Mondelēz pledges to switch to cage-free eggs in North America and Europe

By Douglas Yu contact

- Last updated on GMT

Mondelez is aiming to go cage-free by 2020 in North America and by 2025 in Europe: Photo: iStock - ViktorCap
Mondelez is aiming to go cage-free by 2020 in North America and by 2025 in Europe: Photo: iStock - ViktorCap

Related tags: Cage-free eggs, Food

Mondelēz has revealed plans to source 100% cage-free eggs in North America by 2020. 

The manufacturer - owner of brands including Milka, Cadbury, Lu and Chips Ahoy! - also plans on switching to 100% cage-free eggs in Europe by 2025 and claimed it ultimately wants all its eggs to be produced cage-free.

Mondelēz said the timeline to transition to cage-free eggs in North America and Europe was related to expected availability of supply, adding it would continue to talk to suppliers and establish timelines for cage-free production in other regions.

Incentivizing cage-free production

“We’re working with suppliers to incentivize cage-free production," ​said a spokesman for the manufacturer, which currently uses 100% cage-free eggs in all its European chocolate brands as well as its biscuit products sold in Belgium and the Netherlands.

"That represents about 5% of our egg use in the EU,”​ said the spokesman, adding from this year Mondelēz was increasing its EU purchases of cage-free eggs to around 15% of total use.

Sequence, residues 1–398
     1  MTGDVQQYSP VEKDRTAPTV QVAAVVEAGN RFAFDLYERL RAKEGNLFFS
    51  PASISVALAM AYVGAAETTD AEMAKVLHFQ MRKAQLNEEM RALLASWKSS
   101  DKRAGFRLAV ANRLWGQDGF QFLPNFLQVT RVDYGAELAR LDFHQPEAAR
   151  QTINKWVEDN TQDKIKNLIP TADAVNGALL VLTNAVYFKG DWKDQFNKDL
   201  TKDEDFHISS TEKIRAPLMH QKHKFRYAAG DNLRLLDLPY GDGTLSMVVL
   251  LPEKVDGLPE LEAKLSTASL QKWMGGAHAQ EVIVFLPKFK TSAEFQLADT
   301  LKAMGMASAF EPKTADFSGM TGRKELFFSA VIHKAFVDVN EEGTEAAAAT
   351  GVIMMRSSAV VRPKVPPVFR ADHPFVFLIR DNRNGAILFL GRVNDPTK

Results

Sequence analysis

“We’re actually a relatively small buyer of eggs compared with the overall market,”​ he added. “Eggs would mostly be used in our biscuit products -- Nilla Wafers, for example.”

Impact on the livestock industry

Mondelēz joins a list of businesses including Nestlé and General Mills that are eliminating eggs from caged chickens from their supply chain, Josh Balk, senior food policy director at Humane Society, told Bakery and Snacks.

“Overall, the snack industry is coming to the unanimous agreement that animal welfare is a serious issue to address and switching to cage-free is the top concern," ​he added.

“Having the near entirety of the food industry switch to cage-free eggs will shift the egg industry from confining almost 90% of hens in cages to eventually not confining chickens in cages at all,”​ Balk said. “It’ll take time but producers will phase out confinement systems in favor of cage-free.”

Switching entirely to cage-free eggs would bring more jobs for farmers, more family farms, and a shift to a safer food supply, claimed Balk, adding that three of the top four egg producers - Rose Acre Farms, Rembrandt Foods, and Michael Foods - have announced they are switching to cage-free eggs.

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